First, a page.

For the most part we were done, there were a handful of deliveries to be made and an odd errand or two. We both felt good about what we had accomplished working with everyone else. As much as we like to tease the ladies who put the whole thing together, we clearly understood that it was a labor of love for them and they worked much harder than we did. They went out of their way to show us their gratitude for our small part and every one of them thought we made a 'cute' couple.

Seventeen-year-old boys tend to embarrass easily and we got our quota of good-natured teasing. We gave back as best we could, never truly letting any of them know who made the best cookie, cake, pies, and whatnot. We were always needing more 'samples'!

As we were finishing a well-deserved late breakfast, it was hard to tell how much the kitchen resembled a culinary war zone just a few short hours ago. Gone was the hustle and bustle of the many cooks scurrying around the farm's extended kitchen. We had two stoves and fridges, our table was a fancy picnic table that could easily seat ten or more. My favorite was the restaurant-sized milk dispenser. On one side was five gallons of chocolate milk and the other side, five gallons of regular milk.

Just behind the largest fridge was the walk-in cooler. When the farm sent the beef and hogs off to market, the local butcher would pay us a visit to select what he wanted for his stores. He would leave us with fully dressed sides of beef and hogs. What wasn't wrapped and, in the freezer, could be found hanging, ready for our use. He'd make an additional trip up to the farm for Grandma Marge in time to have everything ready for her Christmas deliveries. Walking in that huge cooler you would find a floor plan posted on the door as to where everything was located. There were shelves loaded with whole chickens, roasts, chops, and sausages. Off to one side of the cooled was the root cellar where you would find all the winter vegetables, from squashes, potatoes, carrots and turnips and the like.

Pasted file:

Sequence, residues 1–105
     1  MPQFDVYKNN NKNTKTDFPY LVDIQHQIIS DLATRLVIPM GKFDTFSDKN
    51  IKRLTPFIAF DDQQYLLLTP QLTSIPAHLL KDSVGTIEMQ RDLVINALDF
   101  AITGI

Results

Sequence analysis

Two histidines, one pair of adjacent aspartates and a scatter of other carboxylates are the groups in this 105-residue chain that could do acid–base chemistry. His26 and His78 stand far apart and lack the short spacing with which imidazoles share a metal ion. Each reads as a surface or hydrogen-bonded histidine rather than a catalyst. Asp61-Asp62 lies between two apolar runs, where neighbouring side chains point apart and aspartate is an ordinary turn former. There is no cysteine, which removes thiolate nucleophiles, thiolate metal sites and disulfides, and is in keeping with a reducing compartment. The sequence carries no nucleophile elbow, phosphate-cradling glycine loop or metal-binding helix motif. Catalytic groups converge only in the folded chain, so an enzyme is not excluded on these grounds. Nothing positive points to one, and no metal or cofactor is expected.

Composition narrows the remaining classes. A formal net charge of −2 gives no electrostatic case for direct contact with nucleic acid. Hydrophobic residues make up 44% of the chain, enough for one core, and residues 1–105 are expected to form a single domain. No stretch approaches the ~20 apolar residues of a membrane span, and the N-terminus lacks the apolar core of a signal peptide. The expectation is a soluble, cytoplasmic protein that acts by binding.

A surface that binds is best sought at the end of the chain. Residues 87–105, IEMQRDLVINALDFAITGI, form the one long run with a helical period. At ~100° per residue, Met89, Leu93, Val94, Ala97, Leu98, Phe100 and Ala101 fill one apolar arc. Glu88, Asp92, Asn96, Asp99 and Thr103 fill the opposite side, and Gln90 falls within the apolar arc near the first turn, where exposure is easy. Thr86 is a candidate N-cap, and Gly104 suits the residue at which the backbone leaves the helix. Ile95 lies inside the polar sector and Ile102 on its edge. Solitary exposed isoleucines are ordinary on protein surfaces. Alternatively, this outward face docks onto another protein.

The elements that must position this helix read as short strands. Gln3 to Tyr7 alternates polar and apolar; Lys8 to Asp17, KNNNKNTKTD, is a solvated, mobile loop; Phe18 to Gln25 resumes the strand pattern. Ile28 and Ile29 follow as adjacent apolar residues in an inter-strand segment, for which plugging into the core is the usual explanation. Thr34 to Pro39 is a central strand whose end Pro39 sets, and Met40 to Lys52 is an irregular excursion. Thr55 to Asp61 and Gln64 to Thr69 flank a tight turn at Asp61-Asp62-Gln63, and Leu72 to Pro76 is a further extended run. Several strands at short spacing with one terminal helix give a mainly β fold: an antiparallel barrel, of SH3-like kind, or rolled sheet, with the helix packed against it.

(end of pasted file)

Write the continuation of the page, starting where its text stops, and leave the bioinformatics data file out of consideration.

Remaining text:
So, there we were, breakfast was over and cleaned up. It was getting towards late morning when Grandma Marge gave us the last list of deliveries along with a caution to be careful, snow was called for later this afternoon. Uncle Ethan reminded us that while only a few inches were expected, and made sure we had the tire chains secured in the back. He had hooked up the plow and filled the gas tank early this morning, so we wouldn't have to deal with the plow later this afternoon. Uncle Arik handed us a bunch of cash to keep the tank full as our day progressed. It didn't make sense to keep coming back to the farm to top off the gas tank.